7. Biological treatment with injection of platelet rich plasma is one of the newer biological treatments that are gaining popularity and can be considered. Specially prepared platelets taken from the patient’s own blood are re-injected into the tendon of the affected elbow. Platelets are blood components responsible for the formation of clots in response to injury, but also contain powerful growth factors; plasma is the liquid portion of the blood. The theory is that the powerful growth factors will initiate healing in the tendon and also send signals to other cells in the body drawing them to the injured area to help in repair. Because the patient’s own blood is used the procedure is safe and adverse drug reactions are eliminated.
  8. Surgery is recommended for resistant symptoms in tennis or golfer’s elbow. About one in ten patients with tennis / golfer’s elbow may need surgery. The aim of surgery is to release the attachment of the tendon and take the tension of the tendons. The operation is carried out as a day case procedure. The standard procedure has been an open surgical release.
  9. Arthroscopic (keyhole) surgery is a recent surgical technique to perform the operation arthroscopically (keyhole surgery) for tennis elbow. In addition to a very small scar(s) the main advantage of this procedure over an open procedure is the ability to look inside the elbow joint with a telescope. This helps to detect and treat associated conditions (loose bodies, synovitis) that may cause elbow pain. It is estimated that 20% of patients who have surgery for tennis elbow have a problem inside the joint.

What happens if it is not treated?

It is likely that with time, pain will significantly resolve or the symptoms may resolve to such an extent that the patient is able to cope with them. Exact statistics are not readily available, but symptoms should improve over 1-2 years.

What is the success of surgical treatment?

Success following surgery is variable and it may take 3 months for full recovery. It is thought that 75-80% of patients can get a 75-80% improvement in their symptoms after surgery.

What are the complications of surgical treatment?

  1. The surgical scar may appear reddish for 2-3 weeks. It may stay tender for 2-3 months. There is a small possibility that the scar may remain unattractive. You may be left with an area of numbness around the scar. This does not cause any functional problems.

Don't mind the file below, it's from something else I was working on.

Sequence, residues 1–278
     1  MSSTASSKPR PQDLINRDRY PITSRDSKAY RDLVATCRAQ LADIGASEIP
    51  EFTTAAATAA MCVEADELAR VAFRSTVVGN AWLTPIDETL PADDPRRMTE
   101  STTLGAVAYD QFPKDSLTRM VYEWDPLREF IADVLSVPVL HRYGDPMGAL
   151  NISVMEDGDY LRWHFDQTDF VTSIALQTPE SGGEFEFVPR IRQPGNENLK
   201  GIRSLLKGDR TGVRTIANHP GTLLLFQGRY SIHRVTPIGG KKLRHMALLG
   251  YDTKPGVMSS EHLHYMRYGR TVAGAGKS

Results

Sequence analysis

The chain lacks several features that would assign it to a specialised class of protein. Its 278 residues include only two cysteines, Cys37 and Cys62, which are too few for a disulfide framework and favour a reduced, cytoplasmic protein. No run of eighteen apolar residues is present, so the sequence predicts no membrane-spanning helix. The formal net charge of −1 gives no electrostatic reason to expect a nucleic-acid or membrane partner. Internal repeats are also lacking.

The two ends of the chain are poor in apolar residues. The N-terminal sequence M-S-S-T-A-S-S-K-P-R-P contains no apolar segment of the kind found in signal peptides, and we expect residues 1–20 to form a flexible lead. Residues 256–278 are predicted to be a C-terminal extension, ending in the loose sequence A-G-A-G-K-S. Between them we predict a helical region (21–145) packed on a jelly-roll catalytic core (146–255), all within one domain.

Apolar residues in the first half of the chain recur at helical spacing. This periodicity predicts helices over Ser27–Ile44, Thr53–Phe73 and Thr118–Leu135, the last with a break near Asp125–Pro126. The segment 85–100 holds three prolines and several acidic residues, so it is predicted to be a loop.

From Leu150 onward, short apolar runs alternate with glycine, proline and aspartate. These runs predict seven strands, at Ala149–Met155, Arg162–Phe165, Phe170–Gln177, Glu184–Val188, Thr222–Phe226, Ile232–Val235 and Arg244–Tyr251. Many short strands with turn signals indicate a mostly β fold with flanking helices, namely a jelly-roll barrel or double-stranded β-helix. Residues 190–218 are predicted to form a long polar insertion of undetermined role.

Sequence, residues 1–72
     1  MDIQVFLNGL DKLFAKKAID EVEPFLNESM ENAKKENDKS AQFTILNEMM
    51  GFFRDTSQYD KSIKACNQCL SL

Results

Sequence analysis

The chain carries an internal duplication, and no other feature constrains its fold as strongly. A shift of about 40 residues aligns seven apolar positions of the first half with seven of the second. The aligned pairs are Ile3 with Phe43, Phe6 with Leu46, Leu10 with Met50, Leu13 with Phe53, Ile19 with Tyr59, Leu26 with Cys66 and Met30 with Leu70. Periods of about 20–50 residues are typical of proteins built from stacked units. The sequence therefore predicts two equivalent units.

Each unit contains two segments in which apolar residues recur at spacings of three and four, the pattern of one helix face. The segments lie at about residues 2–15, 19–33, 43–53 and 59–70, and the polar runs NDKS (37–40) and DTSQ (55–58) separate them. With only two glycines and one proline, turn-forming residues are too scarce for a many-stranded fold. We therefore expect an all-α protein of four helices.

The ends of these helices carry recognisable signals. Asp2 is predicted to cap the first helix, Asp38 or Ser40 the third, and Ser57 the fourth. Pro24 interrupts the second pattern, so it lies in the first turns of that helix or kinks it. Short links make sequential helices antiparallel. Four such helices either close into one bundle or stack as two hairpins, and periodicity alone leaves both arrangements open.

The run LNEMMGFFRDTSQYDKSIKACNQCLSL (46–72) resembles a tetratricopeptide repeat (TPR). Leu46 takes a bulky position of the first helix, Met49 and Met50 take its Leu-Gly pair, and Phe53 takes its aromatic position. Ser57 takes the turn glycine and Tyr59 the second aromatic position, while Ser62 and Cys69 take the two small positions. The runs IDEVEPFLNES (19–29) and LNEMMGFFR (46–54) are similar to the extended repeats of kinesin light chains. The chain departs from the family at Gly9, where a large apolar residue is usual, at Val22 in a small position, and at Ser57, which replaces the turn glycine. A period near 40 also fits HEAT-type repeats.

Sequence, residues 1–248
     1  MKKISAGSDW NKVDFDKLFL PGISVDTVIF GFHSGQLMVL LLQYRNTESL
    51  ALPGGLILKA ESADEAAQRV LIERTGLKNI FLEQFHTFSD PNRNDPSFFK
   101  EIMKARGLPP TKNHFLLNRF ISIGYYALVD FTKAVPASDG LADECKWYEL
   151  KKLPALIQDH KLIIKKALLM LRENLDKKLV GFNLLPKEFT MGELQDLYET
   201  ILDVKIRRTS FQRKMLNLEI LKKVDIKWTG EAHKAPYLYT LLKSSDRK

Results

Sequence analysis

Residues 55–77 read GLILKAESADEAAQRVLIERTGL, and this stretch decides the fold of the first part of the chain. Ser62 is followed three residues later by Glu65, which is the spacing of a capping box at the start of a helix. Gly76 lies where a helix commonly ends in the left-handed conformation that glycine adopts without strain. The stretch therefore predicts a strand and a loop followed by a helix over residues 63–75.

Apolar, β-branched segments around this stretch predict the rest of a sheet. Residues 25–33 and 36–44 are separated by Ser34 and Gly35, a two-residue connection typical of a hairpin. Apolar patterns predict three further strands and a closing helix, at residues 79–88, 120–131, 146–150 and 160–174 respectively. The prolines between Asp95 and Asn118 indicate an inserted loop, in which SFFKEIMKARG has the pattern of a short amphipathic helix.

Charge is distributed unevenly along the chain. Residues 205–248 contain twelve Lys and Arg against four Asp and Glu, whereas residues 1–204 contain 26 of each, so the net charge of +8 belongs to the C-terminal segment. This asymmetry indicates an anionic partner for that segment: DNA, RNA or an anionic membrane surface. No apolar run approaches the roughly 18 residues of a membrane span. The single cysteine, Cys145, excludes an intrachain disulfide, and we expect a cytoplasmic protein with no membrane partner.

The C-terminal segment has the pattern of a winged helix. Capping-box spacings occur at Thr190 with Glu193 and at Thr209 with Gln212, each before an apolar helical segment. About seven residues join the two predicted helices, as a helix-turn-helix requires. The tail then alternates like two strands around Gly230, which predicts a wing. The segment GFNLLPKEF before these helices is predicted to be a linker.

2. Infection of the wound is possible and can usually be successfully treated with antibiotics.
  3. The grip strength may reduce following surgery but will recover over 6 months.
  4. The operation may fail to improve your symptoms.
  5. Stiffness of the elbow is possible and hence it is very important that the elbow and fingers are exercised regularly. This usually improves with hand therapy.
  6. Severe complex regional pain syndrome (CRPS) is a rare but serious complication after upper limb surgery. Unfortunately it is not possible to predict this problem but needs to be monitored and treated (usually with just physiotherapy) if it develops.
  7. Any surgical intervention has the risk of developing complications that are unpredicted. These complications may have the potential to leave the patient worse than before surgery.

Is there anything I can do to improve the outcome?

  • Keep the wounds dry and clean until they have healed.
  • After the operation you will be given a sling for comfort. It is important to discard this sling as soon as possible and do the prescribed exercises regularly, both during the physiotherapy sessions and at home. It will help to keep the pain levels down with analgesics so as to keep your elbow moving.
  • It is advised not to wear rings on the operated arm for 4-6 weeks after surgery.

When can I do various activities?

  • If you have had surgery you should be able to start moving your elbow within 2 days and return to work within 7-10 days.
  • Return to work depends on many factors including the nature of the job and hand dominance.
  • Manual work should be avoided for 6 weeks.
  • Driving should be possible within a few days. Before driving do check that you can manage all controls and start with short journeys

Professional Memberships :

  • Royal College of Surgeons of England
  • The Royal Society of Medicine
  • General Medical Council
  • Effort  Joint Efforts